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How much do you sweat?

July 14, 2017

Dehydration, if severe enough can slow you down. Drinking can prevent this, but if you need to drink and how much depends on your sweat rate. Therefore, it is useful to know how much you sweat and this will be very different for each individual in a particular situation. In the literature we have recently seen a few great publications on sweat rates in different athletes. Some athletes may sweat up to 3 liters per hour in hot conditions! 

 

Very few athletes know how much they sweat but it is actually very easy to calculate! This article will guide you through that process. The most important factors that determine how much you sweat are:

  1. How much power you produce or how fast your run.

  2. The temperature and humidity as well as cooling

  3. The clothes you wear

  4. Your level of acclimation and your training status (better trained and more acclimated will allow you to sweat more and regulate your body temperature better)

  5. Your genetic make-up (some people sweat more than others)

 

It is important to realize that you probably need to do several measurements in different conditions to get a good idea of your sweat rate: easy training and hard training, hot conditions and cool conditions and so forth. The more you measure the better you will be able to predict your sweat rates.

 

Here is a brief step by step guide on how to figure out your sweat rate. Use the overview at the top of this page to do your calculations. White boxes are for values you measure and grey boxes for values you calculate.

 

1. Empty your bladder and record your weight (ideally nude body weight) (A)

 

2. Perform your workout, race or competition and record/memorize exactly how much you drank. This is easy if you drink from a bottle. You can weigh your bottle before (X) and after (Y) and record the difference (1 gram = 1 milliliter). (Z)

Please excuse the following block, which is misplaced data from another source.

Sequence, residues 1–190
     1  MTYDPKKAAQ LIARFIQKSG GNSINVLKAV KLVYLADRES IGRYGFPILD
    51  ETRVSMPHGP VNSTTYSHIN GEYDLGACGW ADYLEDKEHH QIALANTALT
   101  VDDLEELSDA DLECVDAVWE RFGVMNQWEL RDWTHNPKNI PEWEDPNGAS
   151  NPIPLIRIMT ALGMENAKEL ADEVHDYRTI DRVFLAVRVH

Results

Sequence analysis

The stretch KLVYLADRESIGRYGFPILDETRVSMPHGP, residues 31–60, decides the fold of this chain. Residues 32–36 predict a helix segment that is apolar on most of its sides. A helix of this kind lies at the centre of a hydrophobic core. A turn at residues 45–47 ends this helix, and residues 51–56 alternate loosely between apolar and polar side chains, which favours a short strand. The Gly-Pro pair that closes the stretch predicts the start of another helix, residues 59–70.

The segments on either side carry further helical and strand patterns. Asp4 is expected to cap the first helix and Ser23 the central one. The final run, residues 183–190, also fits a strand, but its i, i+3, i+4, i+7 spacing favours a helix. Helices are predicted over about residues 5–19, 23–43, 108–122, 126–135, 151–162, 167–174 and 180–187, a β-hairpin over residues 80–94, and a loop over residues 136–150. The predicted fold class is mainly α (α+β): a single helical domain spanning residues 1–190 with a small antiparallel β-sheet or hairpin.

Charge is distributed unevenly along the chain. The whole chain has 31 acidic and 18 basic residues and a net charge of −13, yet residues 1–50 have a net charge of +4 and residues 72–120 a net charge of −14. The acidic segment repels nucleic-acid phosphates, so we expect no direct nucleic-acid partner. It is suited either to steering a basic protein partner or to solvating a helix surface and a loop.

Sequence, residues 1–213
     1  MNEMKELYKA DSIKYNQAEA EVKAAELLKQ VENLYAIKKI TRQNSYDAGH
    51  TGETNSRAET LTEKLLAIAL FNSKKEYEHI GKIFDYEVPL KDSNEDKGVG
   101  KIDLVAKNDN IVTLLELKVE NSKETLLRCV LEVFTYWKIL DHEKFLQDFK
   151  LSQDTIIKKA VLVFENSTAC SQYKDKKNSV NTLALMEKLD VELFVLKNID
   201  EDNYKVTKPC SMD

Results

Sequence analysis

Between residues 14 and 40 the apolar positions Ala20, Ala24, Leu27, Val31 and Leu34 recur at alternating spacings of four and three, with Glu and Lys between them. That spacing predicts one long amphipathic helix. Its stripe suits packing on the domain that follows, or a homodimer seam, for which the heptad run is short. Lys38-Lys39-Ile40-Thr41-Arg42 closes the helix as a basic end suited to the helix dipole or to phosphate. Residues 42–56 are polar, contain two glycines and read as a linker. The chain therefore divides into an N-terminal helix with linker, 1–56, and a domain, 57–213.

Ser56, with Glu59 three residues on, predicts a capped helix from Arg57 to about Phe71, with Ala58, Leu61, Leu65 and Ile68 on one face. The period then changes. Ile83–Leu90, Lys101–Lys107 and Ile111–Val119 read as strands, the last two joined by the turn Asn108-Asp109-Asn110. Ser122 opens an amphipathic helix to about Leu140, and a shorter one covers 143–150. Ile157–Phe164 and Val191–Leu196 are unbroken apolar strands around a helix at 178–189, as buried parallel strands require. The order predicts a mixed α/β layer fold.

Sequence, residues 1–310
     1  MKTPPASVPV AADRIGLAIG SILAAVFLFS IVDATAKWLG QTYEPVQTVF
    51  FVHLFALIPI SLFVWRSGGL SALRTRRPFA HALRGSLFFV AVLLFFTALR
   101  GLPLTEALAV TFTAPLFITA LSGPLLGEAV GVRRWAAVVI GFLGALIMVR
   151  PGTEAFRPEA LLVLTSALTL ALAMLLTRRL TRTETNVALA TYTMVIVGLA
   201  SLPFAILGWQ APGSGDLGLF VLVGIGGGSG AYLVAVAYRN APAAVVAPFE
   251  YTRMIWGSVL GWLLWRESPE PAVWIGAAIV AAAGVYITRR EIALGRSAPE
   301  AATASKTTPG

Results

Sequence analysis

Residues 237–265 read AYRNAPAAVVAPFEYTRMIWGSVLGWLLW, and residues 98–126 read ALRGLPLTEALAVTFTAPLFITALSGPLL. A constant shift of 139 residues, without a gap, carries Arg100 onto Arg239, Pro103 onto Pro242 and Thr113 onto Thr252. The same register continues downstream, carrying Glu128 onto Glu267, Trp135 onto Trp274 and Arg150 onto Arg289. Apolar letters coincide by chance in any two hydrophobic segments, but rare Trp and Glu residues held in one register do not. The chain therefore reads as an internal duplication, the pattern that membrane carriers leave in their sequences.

If you use different measurement units (fl oz) you need to convert all values to liters. Make sure all units are in kg or liters.

 

3. After exercise: Towel dry, empty your bladder and then record your weight (nude). (B)

 

4. Ideally, measure total urine production (U) after pre-weight recording. If that is not possible estimate it by using 0.3L per visit to the loo.

 

5. Now subtract your post-exercise weight from your pre-exercise weight to get the weight you lost during exercise.

 

6. Also subtract the weight of the bottle or bottles before (X) and after (Y) to obtain the volume you consumed (Z).

 

Weight lost C = A-B

Volume consumed = X-Y

 

7. You can now calculate your sweat rate:  (C+Z-U) / time (in hours, calculated as number of minutes divided by 60). 

 

A = weight before (kg)

B = Weight after (kg)

C = Weight loss (kg)

X = Weight of bottle(s) before (full bottles)

Y = Weight of bottle(s) after  

Z = Weigh difference before and after

U = urine list

 

 

Your sweat rate estimations will never be 100% accurate, but they will give you a much better idea how much to drink than simply relying on thirst.

 

With the above calculation you make an assumption that all weight lost if sweat loss. This is not entirely correct. It is important to realize that here are other reasons for weight loss as well (you will use some carbohydrate and fat (up to around 1 lbs or 0.5kg during exercise of 2 hours or longer). During very prolonged exercise these losses may even be even greater.

 

Therefore, a small percentage weight loss 2-3% (1.5-2 kg for most athletes) is not a problem, but knowing how much you need to replace helps to prevent larger weight losses as a result of dehydration. Those larger losses can impact performance, especially in hot conditions. Knowing your sweat rate will also prevent you from overdrinking because you will know that there is no need to drink more than you sweat.

 

Knowing your sweat rate gives you important insights into how your body works and how different it will be in different conditions. Not everyone has access to laboratory facilities but this is something that is easily done at home with very simple equipment. Perform these measurements in different conditions and you will start to see trends and start to be able to predict your sweat rate!  

 

References

 

Baker LB. Sweating Rate and Sweat Sodium Concentration in Athletes: A Review of Methodology and Intra/Interindividual Variability. Sports Med. 47(Suppl 1):111-128, 2017.

 

Gonzalez et al.  Expanded prediction equations of human sweat loss and water needs. J Appl Physiol 107(2):379-88, 2009. 

 

 

 

 

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